• They got everything about Boudica wrong except for her name. Boudica is one of the most fascinating figures in the history of the world. She’s also one of the most effective female military leaders the world has ever seen. To completely ignore her story and instead make her the servile daughter of a fictional king is a disgraceful decision on the part of the developers.2

Now some of you in the audience might object to me carping about the history portrayed in the game on the grounds that it’s “just a game” and that they need to take liberties for the sake of drama. I say fuck that noise. Given that the amount of research required to get the history right (or at least square it with their desired plot) could have been done in a long weekend, I think it would have been a reasonable request that they squeeze said research in during the years-long development process.

Besides, the Roman Republic and Empire were so drenched in drama and packed full of interesting characters, that it would take a hack or a charlatan not to find in them a half dozen stories better than the plot of Ryse: Unnecessary Subtitle. I mean seriously, you want Marius as a main character? Great! Tell the compelling story of the actual Gaius Marius’ rise to greatness, consulship, complacency, revival, and betrayal. And better yet, tell it through the eyes of his protege turned arch-rival Sulla. Or maybe show how both men eventually sacrificed everything to achieve their goals, both dying sick, burned out husks not long after they got it. Show how the war between these former allies shattered Rome and set the stage for the fall of the Republic.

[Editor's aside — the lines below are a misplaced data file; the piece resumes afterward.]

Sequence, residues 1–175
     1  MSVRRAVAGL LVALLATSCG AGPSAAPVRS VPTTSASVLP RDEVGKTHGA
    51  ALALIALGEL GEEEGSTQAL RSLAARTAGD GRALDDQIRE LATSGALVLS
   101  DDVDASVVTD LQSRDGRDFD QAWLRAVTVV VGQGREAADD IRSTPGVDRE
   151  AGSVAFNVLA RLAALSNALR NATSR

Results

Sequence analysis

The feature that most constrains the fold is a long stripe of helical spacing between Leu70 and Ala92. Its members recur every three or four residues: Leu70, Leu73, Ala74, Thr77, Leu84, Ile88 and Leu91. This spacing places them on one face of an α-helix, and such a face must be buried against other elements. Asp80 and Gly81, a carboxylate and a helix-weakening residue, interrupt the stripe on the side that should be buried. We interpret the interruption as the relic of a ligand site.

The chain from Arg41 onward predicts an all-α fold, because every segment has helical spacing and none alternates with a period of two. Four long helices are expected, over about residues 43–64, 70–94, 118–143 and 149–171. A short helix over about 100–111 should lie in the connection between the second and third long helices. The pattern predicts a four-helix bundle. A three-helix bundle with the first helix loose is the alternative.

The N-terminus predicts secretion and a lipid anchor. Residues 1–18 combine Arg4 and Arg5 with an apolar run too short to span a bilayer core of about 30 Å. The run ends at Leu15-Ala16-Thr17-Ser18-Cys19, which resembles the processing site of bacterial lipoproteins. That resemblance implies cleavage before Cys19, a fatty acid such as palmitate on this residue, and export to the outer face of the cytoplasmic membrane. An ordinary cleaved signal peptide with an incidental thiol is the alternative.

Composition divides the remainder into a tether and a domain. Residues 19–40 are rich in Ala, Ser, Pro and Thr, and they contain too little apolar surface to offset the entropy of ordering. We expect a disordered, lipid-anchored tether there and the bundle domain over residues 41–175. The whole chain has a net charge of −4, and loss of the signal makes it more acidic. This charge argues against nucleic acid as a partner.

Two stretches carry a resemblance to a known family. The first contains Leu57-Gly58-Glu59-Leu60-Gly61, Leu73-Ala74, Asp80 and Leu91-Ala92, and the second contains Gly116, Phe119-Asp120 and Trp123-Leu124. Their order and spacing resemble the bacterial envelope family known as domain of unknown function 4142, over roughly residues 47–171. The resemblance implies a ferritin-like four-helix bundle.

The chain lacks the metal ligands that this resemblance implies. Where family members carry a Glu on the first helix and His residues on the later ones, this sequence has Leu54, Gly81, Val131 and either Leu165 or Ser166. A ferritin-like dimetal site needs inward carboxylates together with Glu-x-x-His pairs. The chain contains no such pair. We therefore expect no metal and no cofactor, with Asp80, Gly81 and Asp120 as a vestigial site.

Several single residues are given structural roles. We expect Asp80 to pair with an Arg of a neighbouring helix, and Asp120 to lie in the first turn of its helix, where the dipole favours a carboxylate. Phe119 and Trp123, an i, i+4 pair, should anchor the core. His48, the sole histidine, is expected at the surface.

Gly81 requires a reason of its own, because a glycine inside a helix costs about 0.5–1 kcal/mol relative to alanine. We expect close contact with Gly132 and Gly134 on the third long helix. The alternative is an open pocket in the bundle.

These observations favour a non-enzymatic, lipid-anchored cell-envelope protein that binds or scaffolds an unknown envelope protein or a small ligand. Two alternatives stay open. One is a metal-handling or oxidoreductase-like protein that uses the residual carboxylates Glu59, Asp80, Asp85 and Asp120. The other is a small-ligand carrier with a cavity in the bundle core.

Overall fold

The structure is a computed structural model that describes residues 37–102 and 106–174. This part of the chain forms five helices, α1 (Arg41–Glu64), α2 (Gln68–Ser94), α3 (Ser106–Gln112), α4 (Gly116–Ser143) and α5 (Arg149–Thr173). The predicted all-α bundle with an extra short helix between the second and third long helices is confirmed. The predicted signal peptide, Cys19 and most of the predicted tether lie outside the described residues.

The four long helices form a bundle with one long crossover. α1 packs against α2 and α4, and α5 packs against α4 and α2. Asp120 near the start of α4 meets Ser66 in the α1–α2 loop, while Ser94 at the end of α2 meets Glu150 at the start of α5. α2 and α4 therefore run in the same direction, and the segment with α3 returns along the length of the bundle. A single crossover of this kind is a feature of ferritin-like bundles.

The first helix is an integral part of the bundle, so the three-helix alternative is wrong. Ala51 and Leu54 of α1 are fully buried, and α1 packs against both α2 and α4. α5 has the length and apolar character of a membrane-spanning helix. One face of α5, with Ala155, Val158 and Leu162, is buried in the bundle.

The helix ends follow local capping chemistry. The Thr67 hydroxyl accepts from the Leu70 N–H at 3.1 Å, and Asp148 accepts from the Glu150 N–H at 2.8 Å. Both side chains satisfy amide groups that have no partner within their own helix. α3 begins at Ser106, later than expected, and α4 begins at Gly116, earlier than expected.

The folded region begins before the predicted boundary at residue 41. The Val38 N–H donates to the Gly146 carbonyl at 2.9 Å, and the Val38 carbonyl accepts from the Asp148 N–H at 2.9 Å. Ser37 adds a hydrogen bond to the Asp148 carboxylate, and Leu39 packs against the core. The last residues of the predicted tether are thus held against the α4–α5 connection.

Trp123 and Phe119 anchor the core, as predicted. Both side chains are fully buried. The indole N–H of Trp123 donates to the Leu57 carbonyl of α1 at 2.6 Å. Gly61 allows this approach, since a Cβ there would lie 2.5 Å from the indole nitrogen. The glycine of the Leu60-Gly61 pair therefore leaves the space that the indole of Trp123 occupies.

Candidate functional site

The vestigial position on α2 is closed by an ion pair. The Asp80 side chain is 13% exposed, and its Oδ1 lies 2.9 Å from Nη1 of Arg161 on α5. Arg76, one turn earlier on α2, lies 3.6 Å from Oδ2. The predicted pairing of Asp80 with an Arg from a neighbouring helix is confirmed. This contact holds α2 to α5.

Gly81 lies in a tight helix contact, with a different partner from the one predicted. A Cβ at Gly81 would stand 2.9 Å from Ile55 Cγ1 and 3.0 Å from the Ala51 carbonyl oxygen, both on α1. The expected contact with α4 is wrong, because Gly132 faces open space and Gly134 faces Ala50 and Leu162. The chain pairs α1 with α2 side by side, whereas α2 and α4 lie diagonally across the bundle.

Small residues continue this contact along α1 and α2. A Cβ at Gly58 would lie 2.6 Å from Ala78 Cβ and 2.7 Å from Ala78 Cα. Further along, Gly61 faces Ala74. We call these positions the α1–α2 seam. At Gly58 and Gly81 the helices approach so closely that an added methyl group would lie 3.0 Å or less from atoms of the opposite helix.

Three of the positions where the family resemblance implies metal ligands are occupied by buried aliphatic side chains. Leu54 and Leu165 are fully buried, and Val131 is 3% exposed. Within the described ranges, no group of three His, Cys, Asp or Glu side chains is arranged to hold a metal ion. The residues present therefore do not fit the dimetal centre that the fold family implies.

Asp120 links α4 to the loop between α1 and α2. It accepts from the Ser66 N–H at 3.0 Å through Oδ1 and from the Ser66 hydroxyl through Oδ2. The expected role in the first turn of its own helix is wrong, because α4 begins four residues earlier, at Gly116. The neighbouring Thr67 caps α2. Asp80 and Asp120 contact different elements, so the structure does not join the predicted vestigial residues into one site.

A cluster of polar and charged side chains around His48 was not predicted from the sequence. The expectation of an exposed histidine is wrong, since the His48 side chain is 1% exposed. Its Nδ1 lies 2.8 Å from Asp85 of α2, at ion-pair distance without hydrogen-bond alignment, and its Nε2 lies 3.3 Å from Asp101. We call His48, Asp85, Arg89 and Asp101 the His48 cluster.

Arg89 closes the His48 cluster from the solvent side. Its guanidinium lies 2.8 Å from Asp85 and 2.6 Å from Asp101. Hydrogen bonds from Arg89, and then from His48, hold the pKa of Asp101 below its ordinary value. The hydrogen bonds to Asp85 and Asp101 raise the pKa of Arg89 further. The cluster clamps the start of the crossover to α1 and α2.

Or, you know, just lazily slap together an anachronistic, anatopistic plot about a legionary out for revenge. I guess that works, too.